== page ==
Reduce, Reuse, Recycle

Food waste and climate emissions highlight of new EPA reports

The reports provide support for action on food waste as well as broad conclusions about where decision makers and industry leaders should focus efforts

PhotoMIX-Company |
Food at a grocery store

The Environmental Protection Agency (EPA) released two landmark reports on the impact of food waste on the environment and opportunities to reduce that impact on October 19th. The reports, “Quantifying Methane Emissions from Landfilled Food Waste and “From Field to Bin,” record annual methane emission trends from wasted food that ends up in landfills and update recommendations on how to manage wasted food, respectively. The former is the first of its kind produced by the EPA.

Wasted food produces more methane emissions than other landfilled materials

Nearly 40% of the U.S. food supply goes to waste each year. When food goes to waste, so too do the many resources that went into producing the food. And when food breaks down in landfills, it produces methane, a potent greenhouse gas that warms the climate faster than carbon dioxide. Prior to publishing “Quantifying Methane Emissions from Landfilled Food Waste,” the EPA had not explored the exact dynamics driving these methane emissions.

This report explains a number of variables that influence methane emissions including the material composition of a landfill, the weather and soil conditions where it is located, and the specifications of gas collection systems in landfills, among other factors. 

Wasted food is the single largest category of landfilled material, representing 24% of all landfilled waste. Meanwhile, this report finds that it contributes 58% of landfill methane emissions. “It can be reasonably stated that food waste has an outsized impact on landfill methane emissions,” the report concludes.

Why understanding wasted food’s methane emissions matters

If food waste is contributing so much more to the climate emissions coming from landfills than are other landfilled materials, that also means that reducing food waste presents the greatest opportunity to reduce landfills’ climate impact. These report findings reinforce recommendations that the Intergovernmental Panel on Climate Change released in March, which included reducing food waste and methane emissions as key solutions to climate change.

Learn about one of our priority solutions to food waste: tackling confusing date labels.

A new model for managing food waste

This report updates a previous model qualifying the relative impacts of different strategies for reducing the impact of wasted food. The new model, dubbed “The Wasted Food Scale,” visualizes eleven pathways for reducing the prevalence and impact of wasted food, in order from most to least preferred. The most preferred pathways, such as rescuing food to feed people who would otherwise go without, yield the greatest value from the food. As food progresses along the scale to the less preferred pathways, the value extracted from the food diminishes and/or the net value relative to the resources required to yield that value decreases.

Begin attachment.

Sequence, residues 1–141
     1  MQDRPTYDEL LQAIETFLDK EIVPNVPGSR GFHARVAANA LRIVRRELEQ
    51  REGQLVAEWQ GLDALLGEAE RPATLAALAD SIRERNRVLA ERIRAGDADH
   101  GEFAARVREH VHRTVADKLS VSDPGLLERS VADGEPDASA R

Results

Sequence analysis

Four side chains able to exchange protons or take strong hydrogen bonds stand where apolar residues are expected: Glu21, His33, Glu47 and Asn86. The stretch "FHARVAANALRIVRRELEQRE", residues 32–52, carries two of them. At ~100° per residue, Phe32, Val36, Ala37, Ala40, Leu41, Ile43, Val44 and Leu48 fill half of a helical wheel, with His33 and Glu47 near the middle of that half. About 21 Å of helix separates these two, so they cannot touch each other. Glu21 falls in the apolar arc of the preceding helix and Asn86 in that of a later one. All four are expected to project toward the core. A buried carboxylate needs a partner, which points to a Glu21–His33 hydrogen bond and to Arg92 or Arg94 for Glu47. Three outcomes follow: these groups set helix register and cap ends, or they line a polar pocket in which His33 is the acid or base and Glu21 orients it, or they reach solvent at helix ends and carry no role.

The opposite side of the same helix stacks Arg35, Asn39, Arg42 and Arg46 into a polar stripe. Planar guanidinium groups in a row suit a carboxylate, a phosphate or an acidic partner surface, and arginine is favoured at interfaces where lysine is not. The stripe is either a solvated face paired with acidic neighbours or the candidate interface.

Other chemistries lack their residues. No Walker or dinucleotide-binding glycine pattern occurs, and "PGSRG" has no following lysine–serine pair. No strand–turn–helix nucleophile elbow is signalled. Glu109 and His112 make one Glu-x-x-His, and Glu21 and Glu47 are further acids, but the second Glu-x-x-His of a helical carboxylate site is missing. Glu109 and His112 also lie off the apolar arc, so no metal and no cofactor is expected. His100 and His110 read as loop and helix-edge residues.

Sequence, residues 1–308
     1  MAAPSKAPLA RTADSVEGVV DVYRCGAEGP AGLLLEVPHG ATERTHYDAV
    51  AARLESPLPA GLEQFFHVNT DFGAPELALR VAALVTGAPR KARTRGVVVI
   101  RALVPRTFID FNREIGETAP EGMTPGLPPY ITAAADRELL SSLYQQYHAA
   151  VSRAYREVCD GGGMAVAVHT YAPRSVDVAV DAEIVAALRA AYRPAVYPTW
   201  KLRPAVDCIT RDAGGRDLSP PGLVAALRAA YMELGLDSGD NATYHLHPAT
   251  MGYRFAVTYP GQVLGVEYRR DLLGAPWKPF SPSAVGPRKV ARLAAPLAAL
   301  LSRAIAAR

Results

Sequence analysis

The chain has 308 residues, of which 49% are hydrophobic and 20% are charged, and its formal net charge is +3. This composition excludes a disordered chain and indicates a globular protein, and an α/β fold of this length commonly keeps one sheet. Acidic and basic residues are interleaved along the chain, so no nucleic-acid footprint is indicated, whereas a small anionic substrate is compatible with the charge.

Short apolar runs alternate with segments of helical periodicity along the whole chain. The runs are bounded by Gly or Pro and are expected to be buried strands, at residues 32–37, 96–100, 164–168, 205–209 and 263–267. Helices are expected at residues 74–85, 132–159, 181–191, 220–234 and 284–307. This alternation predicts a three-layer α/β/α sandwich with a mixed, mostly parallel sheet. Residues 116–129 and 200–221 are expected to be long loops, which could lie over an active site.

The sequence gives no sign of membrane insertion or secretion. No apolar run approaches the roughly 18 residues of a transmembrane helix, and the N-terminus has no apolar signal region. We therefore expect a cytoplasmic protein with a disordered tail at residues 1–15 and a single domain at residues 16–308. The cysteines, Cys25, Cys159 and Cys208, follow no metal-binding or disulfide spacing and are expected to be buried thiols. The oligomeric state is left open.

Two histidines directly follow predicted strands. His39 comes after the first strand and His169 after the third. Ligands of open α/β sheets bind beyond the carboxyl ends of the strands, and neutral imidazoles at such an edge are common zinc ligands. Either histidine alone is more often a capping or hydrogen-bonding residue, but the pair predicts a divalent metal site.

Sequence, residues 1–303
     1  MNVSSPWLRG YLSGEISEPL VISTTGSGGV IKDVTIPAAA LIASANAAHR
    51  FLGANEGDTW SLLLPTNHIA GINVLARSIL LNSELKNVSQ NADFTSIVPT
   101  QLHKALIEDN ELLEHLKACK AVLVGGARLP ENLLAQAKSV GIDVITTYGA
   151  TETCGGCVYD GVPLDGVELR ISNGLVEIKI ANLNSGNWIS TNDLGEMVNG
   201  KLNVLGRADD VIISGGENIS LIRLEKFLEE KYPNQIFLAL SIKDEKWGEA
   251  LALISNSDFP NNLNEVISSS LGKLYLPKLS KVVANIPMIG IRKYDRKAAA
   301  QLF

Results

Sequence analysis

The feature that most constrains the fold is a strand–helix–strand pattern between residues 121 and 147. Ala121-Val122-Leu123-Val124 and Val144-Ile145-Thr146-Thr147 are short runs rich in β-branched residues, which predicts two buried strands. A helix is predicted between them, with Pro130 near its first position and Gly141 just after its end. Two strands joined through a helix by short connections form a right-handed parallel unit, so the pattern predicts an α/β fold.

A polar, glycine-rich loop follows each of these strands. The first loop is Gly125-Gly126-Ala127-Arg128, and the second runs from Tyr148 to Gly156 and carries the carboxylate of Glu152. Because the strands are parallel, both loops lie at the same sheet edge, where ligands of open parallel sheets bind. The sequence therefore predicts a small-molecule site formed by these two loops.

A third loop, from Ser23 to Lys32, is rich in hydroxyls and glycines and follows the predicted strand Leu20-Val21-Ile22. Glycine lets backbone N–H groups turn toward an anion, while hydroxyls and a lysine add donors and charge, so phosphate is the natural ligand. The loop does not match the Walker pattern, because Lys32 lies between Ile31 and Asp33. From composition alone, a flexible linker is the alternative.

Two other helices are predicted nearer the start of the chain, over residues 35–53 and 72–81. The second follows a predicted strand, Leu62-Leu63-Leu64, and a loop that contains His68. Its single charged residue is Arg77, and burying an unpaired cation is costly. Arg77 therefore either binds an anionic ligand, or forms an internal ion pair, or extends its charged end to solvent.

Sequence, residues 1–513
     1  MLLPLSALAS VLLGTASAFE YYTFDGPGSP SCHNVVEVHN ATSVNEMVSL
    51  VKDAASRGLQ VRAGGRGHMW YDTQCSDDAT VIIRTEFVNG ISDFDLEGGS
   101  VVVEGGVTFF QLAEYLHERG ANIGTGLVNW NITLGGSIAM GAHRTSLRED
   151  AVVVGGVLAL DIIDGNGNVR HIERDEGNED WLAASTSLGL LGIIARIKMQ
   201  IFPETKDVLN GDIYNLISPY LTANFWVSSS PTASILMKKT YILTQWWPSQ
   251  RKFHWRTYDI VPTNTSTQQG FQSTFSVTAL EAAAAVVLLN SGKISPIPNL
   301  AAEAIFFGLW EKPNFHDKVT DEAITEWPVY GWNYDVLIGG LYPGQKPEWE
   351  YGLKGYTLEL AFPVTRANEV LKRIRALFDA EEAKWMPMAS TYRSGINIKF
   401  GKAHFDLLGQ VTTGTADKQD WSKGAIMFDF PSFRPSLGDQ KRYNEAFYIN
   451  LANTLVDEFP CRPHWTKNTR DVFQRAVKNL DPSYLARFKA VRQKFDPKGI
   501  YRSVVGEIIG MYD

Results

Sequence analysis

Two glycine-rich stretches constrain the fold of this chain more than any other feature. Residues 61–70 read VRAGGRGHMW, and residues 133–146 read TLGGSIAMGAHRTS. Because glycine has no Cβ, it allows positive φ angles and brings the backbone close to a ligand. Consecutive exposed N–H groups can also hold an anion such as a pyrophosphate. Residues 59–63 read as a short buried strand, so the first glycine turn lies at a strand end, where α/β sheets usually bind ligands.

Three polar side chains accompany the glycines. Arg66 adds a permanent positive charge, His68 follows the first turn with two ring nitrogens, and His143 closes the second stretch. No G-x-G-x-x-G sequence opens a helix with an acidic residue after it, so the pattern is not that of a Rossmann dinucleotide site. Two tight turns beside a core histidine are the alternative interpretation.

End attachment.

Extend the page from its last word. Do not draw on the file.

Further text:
The EPA’s new Wasted Food Scale to prioritize impactful work in food waste reduction

The model enforces that the best way to reduce the impact of food waste is to not produce the waste in the first place. It advises everyone – from producers and manufacturers, to restaurants, retailers and consumers – to produce, buy, and serve only as much food as is needed. The model notably updates the pathways that are not advised for wasted food to include not just landfilling and incineration, but also putting food down the drain. This method of disposal has been shown to produce more methane emissions than the pathways that precede it, even after accounting for energy recovery at wastewater treatment plants.

Why the updated food waste management model matters

The EPA has set a goal of reducing food waste nationally by 50% by 2030 relative to 2016 levels. Decision makers and industry leaders could achieve that goal solely through lower impact pathways such as anaerobic digestion. However, to have the greatest positive impact for the climate, the environment, and everyday Americans, decision makers and industry leaders need to be able to differentiate between pathways and choose the highest impact options they can. This updated model will improve their ability to prioritize high impact methods of wasting less food.

Takeaways from the reports

These reports strengthen our ability to make informed decisions about reducing and handling wasted food to shrink the climate impact of the food system. Decision makers at all levels, from parent-teacher associations, to corporate boards, and all the way to the White House, should use these reports to make more strategic plans to eliminate wasted food.

Miri Villerius
Miri Villerius

Former End Food Waste Campaign, Associate, U.S. PIRG Education Fund

Danielle Melgar

Former Food & Agriculture, Advocate, U.S. PIRG Education Fund

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